Category Archives: Act

Dialogues on current issues and civic engagement

The Possibility of Creating Community

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What’s the potential for Design with Dialogue as a true Community of Inquiry? How could we all co-create this together this year?

The first DwD of 2016 was convened by Peter Jones (dialogue) and Patricia Kambitsch (visual), held with a group of 20 new and continuing participants drawn to the shared inquiry into the possibility of community. The session was guided by several questions about the meaning of and stake in community.

The dialogue opened with acknowledgement and mapping of the communities we participate in, as shown in the sketched map, people placed notes in the spaces for Business, Religion, Regional, Neighborhood, Health & Fitness, Arts, Civic, Academic, and new communities such as “Value” and “Place”. Discussion in the circle revealed the differences in views of community and the level of engagement that counts to be considered a “community.”

CommunityMap.smThe dialogue dived into the meaning of the Design with Dialogue community to its ongoing stakeholders. DwD has evolved from 2008 to today into a deeply connected, ongoing Community of Practice for learning and facilitating with tools for social and organizational transformation. Our central question for the evening was essentially, who are we a community and why are we? Do we only support and engage with these communities outside of DwD, or is there a centre of life and practice here, a community that continues in its own purpose, even if undeclared by most of us?

What’s the potential for Design with Dialogue as a true Community of Inquiry? 

A visual mapping of the dialogue was sketched live during the conversation, as people responded to the question of community as:

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  • Place for the power of dialogue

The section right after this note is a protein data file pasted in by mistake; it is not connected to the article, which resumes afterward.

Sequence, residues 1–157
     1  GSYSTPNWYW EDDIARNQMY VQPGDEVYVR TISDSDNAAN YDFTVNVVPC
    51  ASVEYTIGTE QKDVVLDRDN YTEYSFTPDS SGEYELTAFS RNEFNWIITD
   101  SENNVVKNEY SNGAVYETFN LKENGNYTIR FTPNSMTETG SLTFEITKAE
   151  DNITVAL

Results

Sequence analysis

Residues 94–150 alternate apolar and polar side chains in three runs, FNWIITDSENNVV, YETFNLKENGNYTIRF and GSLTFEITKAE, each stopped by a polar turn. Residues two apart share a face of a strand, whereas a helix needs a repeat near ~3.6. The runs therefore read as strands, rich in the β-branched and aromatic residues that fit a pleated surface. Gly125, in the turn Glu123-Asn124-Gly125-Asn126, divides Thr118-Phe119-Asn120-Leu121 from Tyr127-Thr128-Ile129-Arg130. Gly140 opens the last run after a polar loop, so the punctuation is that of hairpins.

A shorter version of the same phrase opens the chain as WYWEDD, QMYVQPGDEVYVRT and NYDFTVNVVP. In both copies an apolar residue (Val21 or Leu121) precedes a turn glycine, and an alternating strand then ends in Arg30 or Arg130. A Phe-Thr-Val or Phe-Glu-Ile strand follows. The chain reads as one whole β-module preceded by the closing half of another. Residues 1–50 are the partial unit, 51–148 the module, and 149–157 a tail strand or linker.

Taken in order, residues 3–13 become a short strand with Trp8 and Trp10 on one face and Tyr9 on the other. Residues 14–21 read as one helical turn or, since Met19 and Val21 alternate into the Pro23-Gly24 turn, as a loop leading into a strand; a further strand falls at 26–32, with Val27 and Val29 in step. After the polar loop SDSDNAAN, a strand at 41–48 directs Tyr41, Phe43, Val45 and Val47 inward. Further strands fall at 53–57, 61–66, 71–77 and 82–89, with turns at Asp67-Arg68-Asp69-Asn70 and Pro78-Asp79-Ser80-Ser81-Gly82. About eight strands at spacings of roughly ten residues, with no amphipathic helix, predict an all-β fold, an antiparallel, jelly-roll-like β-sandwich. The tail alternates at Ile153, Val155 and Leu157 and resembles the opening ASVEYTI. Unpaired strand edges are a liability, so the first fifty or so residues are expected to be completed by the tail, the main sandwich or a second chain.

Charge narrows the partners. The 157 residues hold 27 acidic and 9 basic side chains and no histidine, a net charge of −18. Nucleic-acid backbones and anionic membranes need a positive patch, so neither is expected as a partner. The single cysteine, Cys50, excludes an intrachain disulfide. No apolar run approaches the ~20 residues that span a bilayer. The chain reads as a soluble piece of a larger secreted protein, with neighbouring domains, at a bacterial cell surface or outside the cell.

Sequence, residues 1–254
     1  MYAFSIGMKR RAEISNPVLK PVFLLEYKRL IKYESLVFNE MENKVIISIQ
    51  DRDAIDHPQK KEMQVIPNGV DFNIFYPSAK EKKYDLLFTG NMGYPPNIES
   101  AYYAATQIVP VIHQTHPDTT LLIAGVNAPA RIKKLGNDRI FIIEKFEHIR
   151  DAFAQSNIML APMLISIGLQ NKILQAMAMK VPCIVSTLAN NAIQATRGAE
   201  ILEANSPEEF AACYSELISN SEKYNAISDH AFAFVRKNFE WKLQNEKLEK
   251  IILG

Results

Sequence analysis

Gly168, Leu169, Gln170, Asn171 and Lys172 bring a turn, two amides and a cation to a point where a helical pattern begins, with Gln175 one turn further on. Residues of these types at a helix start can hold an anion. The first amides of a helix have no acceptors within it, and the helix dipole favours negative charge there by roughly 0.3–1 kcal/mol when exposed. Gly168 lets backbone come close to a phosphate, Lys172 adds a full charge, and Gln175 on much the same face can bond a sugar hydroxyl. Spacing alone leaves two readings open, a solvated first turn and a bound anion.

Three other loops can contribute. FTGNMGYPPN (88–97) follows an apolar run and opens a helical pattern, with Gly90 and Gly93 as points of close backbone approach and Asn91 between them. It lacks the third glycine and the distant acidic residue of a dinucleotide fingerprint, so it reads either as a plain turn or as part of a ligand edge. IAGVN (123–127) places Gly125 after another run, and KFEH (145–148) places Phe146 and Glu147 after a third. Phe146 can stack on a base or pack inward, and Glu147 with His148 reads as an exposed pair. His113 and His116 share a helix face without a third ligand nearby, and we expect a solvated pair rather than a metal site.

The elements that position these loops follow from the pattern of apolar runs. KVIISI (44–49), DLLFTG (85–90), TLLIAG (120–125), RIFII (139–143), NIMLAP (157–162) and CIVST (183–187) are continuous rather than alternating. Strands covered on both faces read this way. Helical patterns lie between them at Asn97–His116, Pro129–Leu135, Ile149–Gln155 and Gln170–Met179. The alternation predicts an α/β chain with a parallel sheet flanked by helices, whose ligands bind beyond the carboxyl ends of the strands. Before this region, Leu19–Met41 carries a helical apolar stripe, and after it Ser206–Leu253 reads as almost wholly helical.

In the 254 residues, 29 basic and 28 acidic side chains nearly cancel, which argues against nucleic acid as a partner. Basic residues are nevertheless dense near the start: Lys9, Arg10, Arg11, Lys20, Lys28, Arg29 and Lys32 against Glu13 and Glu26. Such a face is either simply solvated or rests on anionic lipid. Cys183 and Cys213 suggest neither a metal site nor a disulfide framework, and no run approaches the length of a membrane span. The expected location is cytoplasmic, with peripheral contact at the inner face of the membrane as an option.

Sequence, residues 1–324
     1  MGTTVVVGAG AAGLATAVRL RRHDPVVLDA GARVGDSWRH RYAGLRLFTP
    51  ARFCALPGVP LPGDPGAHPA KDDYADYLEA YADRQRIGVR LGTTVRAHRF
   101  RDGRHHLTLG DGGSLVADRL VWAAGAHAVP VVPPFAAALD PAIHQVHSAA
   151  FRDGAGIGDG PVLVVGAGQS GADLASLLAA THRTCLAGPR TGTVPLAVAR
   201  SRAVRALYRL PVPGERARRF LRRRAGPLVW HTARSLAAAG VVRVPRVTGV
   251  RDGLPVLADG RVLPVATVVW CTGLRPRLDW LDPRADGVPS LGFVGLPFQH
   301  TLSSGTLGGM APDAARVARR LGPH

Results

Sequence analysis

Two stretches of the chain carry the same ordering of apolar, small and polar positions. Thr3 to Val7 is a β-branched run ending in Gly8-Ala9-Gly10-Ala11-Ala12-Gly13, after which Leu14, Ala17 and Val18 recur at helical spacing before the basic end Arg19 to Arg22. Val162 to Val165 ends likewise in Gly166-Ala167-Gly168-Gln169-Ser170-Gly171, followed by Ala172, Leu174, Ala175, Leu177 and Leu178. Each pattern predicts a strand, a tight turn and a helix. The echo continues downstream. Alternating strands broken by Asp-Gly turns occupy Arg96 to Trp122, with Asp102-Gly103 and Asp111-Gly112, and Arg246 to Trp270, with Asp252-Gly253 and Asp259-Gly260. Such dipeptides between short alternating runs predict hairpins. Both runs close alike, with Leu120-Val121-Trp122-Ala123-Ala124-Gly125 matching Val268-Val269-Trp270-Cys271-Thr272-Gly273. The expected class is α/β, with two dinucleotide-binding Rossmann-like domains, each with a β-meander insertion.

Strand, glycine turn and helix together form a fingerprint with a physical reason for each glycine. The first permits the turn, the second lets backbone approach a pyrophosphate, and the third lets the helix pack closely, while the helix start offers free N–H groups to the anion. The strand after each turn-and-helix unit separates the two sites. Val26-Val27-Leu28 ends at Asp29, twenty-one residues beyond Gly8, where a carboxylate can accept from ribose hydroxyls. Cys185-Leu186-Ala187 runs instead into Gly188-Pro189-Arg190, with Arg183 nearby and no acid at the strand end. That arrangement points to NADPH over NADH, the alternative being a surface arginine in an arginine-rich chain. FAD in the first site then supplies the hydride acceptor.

• Bringing groups (stakeholders) in to DwD to dialogue on an issue
  • Finding meaning in discourse
  • Seeds for new stories
  • Getting unstuck, and “dialogue as therapy”
  • Listening beyond these walls
  • Developing a common language and different perspectives

The group inquiry process adapted Peter Block’s six conversations on community.Variations of the questions asked each particpants to inquire and share their experience with:

  • What’s your story? What’s your commitment to the group or its purpose?
  • What gift do you bring? How do you lead or form the community?
  • What have you been unwilling to commit to?
  • What refusal have you withheld in your community?

These expressions were shared in the whole group and mapped (to the right) in the mural.

The final process developed a core set of responsibilities that lend group wisdom toward the DwD 2016 plan for co-creation and community engagement.

Together we the potential to engage and influence thinking and action in the crucial concerns of our time. Given this potential, how might we most effectively contribute to the civic issues and policy thinking in our larger communities?

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Economies that Work for All of Us (Unify Toronto Dialogues)

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The Spiral Comes Full Circle: How Nation-to-Nation Relations with First Nations Can Lead to Economies that Work for All of Us

  • What would it be like for our human economy to be in harmony with the Earth’s economy?
  • What would our communities be like if we put energy into personalized and localized resources that benefit everyone around us?

In these times of accelerating crises – climate change, religious extremism, cyclic economic collapse – it has never been more important to think how to address their common underlying causes, many of which we have been the subjects of our dialogues over the past year.

This final Unify Toronto Dialogue of 2015 deepened a year long enquiry into money and meaning inspired by the learnings from our Remaking a Living dialogue series. What have we learned from the practices of community stewardship, reciprocal caring economies, and transformation (e.g., Theory U) that we’ve explored that might guide our design of enlivening, human-scale economic systems?

Guided by Kevin Best, we grounded the session again in the indigenous world views that laid the foundation for our series with our January dialogue inspired by Idle No More: A Love Story.  Almost a year after that January dialogue, our new government has promised ‘nation-to-nation relations’ with First Nations in Canada, committed to adopt all the recommendations of the Truth and Reconciliation Commission and pledged to implement the UN Declaration of the Rights of Indigenous Peoples. The following points were revealed in the dialogue:

  • Flow is key.  Learn from the future as it emerges.
  • Come together with the people you love.
  • The Truth and Reconciliation Commission (TRC) report and the United Nations Declarations and Treaties are a basis for moving forward together.
    Well-meaning settlers need to go beyond tokenism to address injustice.
  • A nation-to-nation relationship between the First Nations, Métis and Inuit and the Canadian Government will be profoundly important.

The TRC grew out of the Canadian Government’s apology for residential schools.